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Supplementary materials

The comparison algorithms

In this section, we have briefly described the classic learning machines we compared. We have implemented the following learning machines using the WEKA software package (Waikato Environment for Knowledge Analysis, version 3.6.8, 1999–2012, an open source software tool developed for machine learning at the University of Waikato in New Zealand) and Semeion Software Suites (Rome, Italy; Buscema M, Supervised ANNs and Organisms, Semeion Software #12, version 23.0, 1999–2014).

Bayesian algorithms

The Bayesian algorithms are, obviously, based on Bayes’ theorem, which states that given a set of events that partition an event space, any event dependent on event space enriches the knowledge of initial events by the equation:1,2


The classifiers based on Bayesian networks (Bayes Net) represent the variables described by the formula in the equation1 without special restrictions, whereas the naïve Bayesian networks (Naïve Bayes) are based on Bayes’ formula with the assumption of stochastic independence between the variables. This drastic restriction of the domain of validity of the theorem makes this a high-performance classifier applicable to many practical problems.35

The Naïve Bayes classifier used in this paper is according to the WEKA implementation.

Regression algorithms: logistic regression and multilayer perceptron

The logistic regression is a particular case of generalized linear regression applied in cases where the dependent variable “y” and its type are dichotomous.6,7

The model is described by the function


with xi independent variables and p is the probability that event y will occur.

As a generalization of the logistic regression model with a feed forward flow and totally interconnected, we have the multilayer preceptor model.8

The regression classifier and the multilayer perceptron classifier used in this paper follow the WEKA implementation.

Optimization algorithms: sequential minimal optimization and support vector machine

A support vector machine is a binary classifier that recognizes the hyperplane separating two different classes by maximizing the distance between the closest training examples.

Given a set of dual training


we seek a solution for the equation


in which


and where C = constant, K (xi, xj) is the kernel function, and ai represents Lagrange multipliers.

The sequential minimal optimization are iterative algorithms used to solve the optimization problem described for the support vector machine by decomposing it into a series of sub-problems, most small enough so that they can be solved analytically.912

The sequential minimal optimization classifier used in this paper is according to the WEKA implementation.

Tree algorithms

Tree algorithms, or decision-making trees, rely on building a tree from the element’s attributes (nodes) and the possible values that they can take (strings) until one arrives at the leaves representing the class of the instance. The path from the root node to a leaf node through the arch value determines the path that a particular instance must take to reach the membership class. The constructed tree attained from training datasets uses equations that determine the number of strings needed to be generated from a single node. Such decision trees can be used as binders.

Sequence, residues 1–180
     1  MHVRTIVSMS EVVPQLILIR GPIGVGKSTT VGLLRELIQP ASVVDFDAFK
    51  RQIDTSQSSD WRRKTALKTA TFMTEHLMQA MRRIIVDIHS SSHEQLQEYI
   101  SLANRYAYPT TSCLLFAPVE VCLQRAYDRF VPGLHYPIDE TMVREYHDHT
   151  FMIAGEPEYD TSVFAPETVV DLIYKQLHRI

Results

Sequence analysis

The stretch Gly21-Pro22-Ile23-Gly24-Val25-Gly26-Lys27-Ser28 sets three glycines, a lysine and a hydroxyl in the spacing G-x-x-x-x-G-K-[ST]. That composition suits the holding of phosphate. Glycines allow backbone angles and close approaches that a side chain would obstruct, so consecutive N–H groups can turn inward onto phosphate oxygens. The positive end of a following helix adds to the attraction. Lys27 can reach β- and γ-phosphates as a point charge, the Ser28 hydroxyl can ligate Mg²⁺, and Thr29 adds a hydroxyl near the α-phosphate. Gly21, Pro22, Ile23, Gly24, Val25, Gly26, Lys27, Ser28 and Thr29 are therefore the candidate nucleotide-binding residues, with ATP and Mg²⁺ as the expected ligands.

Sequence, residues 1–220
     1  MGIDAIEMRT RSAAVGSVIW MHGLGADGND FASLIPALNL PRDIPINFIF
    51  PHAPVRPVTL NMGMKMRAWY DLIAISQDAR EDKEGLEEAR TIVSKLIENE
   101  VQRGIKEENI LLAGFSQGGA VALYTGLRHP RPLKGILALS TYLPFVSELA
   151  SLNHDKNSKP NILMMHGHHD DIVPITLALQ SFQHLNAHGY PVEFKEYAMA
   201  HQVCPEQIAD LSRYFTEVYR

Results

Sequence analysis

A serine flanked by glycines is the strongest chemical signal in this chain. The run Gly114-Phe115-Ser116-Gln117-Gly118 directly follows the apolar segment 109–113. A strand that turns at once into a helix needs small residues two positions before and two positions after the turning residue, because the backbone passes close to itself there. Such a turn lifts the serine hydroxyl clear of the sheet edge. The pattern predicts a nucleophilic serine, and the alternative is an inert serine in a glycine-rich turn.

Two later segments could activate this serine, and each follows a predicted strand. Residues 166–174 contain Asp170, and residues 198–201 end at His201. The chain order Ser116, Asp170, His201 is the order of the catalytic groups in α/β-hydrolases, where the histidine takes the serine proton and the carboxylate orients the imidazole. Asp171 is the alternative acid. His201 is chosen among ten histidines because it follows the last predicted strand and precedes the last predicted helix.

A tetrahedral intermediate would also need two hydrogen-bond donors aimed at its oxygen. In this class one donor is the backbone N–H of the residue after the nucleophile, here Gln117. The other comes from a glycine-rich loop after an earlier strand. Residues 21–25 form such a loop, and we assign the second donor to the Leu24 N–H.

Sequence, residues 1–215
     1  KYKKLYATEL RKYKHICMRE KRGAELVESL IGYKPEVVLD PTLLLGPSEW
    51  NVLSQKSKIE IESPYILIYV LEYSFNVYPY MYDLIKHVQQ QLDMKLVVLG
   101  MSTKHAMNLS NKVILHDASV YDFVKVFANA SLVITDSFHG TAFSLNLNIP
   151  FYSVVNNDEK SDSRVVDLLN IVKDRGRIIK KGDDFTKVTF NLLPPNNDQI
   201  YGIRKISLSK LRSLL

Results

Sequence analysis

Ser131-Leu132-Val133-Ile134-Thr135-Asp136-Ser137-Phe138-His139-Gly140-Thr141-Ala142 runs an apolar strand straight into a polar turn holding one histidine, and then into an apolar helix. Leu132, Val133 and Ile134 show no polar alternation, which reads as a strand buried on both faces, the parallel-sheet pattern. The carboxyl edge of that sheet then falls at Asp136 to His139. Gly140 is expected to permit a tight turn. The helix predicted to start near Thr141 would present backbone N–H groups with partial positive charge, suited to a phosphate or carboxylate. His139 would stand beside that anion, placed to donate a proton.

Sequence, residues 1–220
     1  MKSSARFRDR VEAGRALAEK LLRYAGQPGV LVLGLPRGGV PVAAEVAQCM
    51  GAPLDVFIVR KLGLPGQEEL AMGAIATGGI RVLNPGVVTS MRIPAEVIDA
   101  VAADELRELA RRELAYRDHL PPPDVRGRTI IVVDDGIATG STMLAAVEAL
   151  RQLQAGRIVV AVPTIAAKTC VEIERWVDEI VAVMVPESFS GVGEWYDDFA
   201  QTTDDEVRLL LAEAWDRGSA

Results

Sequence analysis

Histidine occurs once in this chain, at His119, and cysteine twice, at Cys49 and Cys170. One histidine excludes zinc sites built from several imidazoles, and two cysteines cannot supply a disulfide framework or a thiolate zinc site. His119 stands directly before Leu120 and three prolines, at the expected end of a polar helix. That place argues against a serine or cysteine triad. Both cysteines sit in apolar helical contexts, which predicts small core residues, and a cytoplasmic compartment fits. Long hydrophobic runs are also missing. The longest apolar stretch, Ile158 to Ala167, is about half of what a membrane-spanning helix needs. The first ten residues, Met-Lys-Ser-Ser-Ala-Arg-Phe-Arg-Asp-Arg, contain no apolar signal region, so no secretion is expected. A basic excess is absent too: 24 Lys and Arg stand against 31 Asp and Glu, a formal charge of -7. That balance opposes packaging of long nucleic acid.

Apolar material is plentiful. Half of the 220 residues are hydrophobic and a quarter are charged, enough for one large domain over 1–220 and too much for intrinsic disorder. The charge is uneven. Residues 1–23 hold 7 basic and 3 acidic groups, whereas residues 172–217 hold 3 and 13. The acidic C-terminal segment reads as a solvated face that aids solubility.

The J48 and the WEKA implementation of the C 4.5 algorithm was used to generate a decision tree of the kind developed by Ross Quinlan as an extension of the Iterative Dichotomiser 3 algorithm.13 A decision tree constructed in this way builds from the training data using the concept of entropy of a discrete random variable X = {x1,…, xn}


where p(xi) is the probability of the ith event.

Random trees, random forest

Random decision trees were introduced by Leo Breiman and Adele Cutler to treat both the problems of classification and regression. These are defined as a collection of decision trees called a forest.14 The random tree classifier takes in input feature vectors, the ranking for each tree in the forest, and assigns the class that had the largest number of recurrences.

J48 and random forest classifiers used in this paper are according to the WEKA implementation.

Rotation forest

Rotation forest15 draws upon the random forest idea. The base classifiers are also independently built decision trees, but in rotation forest, each tree is trained on the whole dataset in a rotated feature space. As the tree learning algorithm builds the classification regions using hyperplanes parallel to the feature axes, a small rotation of the axes, using principal component analysis, may lead to a very different tree.

Enhanced Back Propagation

Enhanced Back Propagation is an enhanced version of classic Back Propagation algorithm. The momentum is transformed in self-momentum in order to adapt the learning process to the local error condition of each network’s node.16

Sine Net

Sine Net is characterized by the presence of a specific double nonlinear relationship on the connections between nodes. This characteristic has deep evident consequences on the properties of this network both on the computed function and behavior of this network during the learning phase.1719

Instance-based learning algorithms

Instance-based learning algorithm is a sort of K-nearest neighbors classifier. It can select appropriate value of K based on cross-validation. It can also do distance weighting. The algorithm can work on numeric class, binary class, date class, nominal class, missing class values, and on the following types of attributes: date attributes, unary attributes, numeric attributes, nominal attributes, missing values, binary attributes, and empty nominal attributes.20